# Ryanair posts biggest annual loss in its 35-year history, but airline sees recovery ahead

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Ryanair posts biggest annual loss in its 35-year history, but airline sees recovery ahead

Ryanair slumped to its biggest annual loss in its 35-year history, as the COVID-19 pandemic grounded aircraft and upended international travel, but it said it is likely to break even this year, as vaccination rollouts facilitate the return of air travel.

The Irish budget carrier said that although bookings had jumped significantly from a very low base since the beginning of April, forward visibility remains “close to zero,” making it “impossible” to provide more meaningful financial guidance.

Shares in Ryanair


were up 0.71% in early European trading on Monday. The stock has risen 3.19% in the year to date, according to data from FactSet.

The airline swung to an €815 million ($990 million) loss in the 12 months to March 31, compared with a €1 billion profit in the previous year, after passenger numbers plunged 81% from 149 million passengers, to just 27.5 million during the COVID-19 pandemic.

It reiterated that passenger numbers in the year to March 31, 2022 would be at the lower end of an 80 million to 120 million range. In the first quarter from April to June, it expects to fly just five million to six million passengers, as some governments keep their borders shut.

Read: EU proposes reopening external borders as vaccination campaigns pick up speed

Describing the past financial year as the “most challenging” in its history, Ryanair blamed European governments for “constantly changing” guidelines, which left it to deal with the fallout as millions of customers requested flight changes and refunds.

“There was a partial recovery during summer 2020, as initial lockdowns eased, however a second COVID-19 wave in Europe followed quickly in the autumn with a third wave in spring,” Ryanair said in a statement. “This created enormous disruptions and uncertainty for both our customers and our people, as they suffered constantly changing Govt. guidelines, travel bans and restrictions,” the company added.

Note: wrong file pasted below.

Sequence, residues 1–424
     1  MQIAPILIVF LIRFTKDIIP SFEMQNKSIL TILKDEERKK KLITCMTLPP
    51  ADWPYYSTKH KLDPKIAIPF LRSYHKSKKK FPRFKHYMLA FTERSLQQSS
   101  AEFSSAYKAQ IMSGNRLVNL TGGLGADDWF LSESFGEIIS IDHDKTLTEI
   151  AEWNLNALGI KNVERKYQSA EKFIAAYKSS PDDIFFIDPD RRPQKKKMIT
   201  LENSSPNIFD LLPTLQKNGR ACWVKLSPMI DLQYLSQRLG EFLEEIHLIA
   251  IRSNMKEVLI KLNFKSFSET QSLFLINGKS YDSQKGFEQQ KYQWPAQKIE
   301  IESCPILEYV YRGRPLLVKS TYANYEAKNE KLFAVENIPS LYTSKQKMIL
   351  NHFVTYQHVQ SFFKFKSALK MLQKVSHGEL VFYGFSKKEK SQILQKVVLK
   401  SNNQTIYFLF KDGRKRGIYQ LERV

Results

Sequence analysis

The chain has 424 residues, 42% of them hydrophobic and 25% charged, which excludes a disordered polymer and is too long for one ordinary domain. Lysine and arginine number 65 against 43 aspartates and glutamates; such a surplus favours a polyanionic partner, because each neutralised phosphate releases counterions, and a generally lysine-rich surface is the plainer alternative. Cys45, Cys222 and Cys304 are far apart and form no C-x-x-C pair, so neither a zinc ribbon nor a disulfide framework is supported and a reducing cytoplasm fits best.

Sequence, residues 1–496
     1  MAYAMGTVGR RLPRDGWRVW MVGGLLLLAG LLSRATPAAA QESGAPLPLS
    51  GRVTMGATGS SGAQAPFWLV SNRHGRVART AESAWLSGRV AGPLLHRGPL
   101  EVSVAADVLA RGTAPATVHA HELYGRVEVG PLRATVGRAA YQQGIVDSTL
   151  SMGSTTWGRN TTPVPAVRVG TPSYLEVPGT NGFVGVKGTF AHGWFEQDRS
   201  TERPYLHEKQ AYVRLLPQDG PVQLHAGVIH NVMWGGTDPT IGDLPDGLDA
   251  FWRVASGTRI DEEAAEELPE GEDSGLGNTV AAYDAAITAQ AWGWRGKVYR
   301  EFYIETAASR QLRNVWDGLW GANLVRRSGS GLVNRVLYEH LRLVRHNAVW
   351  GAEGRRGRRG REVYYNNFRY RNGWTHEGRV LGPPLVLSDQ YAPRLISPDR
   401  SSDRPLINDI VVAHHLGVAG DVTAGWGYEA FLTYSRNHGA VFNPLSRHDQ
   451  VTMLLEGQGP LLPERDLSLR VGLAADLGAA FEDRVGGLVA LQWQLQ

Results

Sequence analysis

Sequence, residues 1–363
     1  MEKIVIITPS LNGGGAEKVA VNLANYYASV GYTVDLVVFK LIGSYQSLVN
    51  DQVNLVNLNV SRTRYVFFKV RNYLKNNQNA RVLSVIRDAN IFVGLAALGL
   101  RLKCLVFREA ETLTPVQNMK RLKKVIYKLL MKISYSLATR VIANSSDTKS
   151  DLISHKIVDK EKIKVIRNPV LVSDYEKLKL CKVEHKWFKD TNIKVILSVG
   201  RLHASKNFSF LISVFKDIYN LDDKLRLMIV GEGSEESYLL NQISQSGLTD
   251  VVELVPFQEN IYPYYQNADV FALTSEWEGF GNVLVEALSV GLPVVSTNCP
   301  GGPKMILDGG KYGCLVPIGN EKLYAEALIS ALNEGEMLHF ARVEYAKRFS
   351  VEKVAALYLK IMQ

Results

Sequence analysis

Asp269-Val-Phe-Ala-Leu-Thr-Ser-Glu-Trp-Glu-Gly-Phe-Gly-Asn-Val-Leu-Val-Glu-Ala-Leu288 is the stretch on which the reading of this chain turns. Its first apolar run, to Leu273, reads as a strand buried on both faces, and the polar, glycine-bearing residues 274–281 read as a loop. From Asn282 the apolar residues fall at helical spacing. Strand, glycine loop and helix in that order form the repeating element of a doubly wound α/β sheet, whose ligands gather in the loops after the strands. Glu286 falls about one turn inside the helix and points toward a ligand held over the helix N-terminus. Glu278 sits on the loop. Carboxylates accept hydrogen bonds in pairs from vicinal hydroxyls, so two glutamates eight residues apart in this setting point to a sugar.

However, Ryanair struck a note of optimism, saying it expects to benefit from a strong rebound of pent-up travel demand through the second half of the year, and said it looks forward to returning to growth in summer 2022. The weekly increase in bookings since early April suggests a recovery has already begun, it added.

Jack Winchester, an analyst at Third Bridge, said Ryanair, like ultra-low-cost peer Wizz Air
weathered the crisis far better than its legacy counterparts. “It also stands ready to hoover up the pent-up demand for foreign holidays we’re about to see as rules on international travel finally ease.

“While Lufthansa
 and Air France KLM
all struggled under the weight of huge hub-and-spoke airline operations, Ryanair’s point-to-point model meant it was able to adapt faster and more fully to a historic year of low demand,” Winchester added.

Read: U.K. excitement over reopening clouded by worries over Indian variant

Ryanair said it was encouraged by the production of multiple COVID-19 vaccines, adding that it hopes their rollouts will facilitate the return of intra-Europe air travel and tourism this summer. “If, as is presently predicted, most European populations are vaccinated by Sept., then we believe that we can look forward to a strong recovery in air travel, jobs and tourism in H2 of the current fiscal year (FY22),” the company said.

It also expects to benefit from a reduced fleet cost over the next decade as it takes delivery of aerospace company Boeing’s
37 “Gamechanger” aircraft, which it believes will improve revenue with 4% more seats while substantially reducing unit costs, especially fuel. This will also be helped by its new bases, including those in Billund, Stockholm and Zagreb, the company said.

AJ Bell investment director Russ Mould noted that, despite swinging to a big loss in 2020, “Ryanair has kept its eye on the longer-term prize and recently increased an order for B737-8200 Gamechanger aircraft in a bid to have an advantage over rivals, as these planes have more seats and lower fuel burn and noise emissions.”

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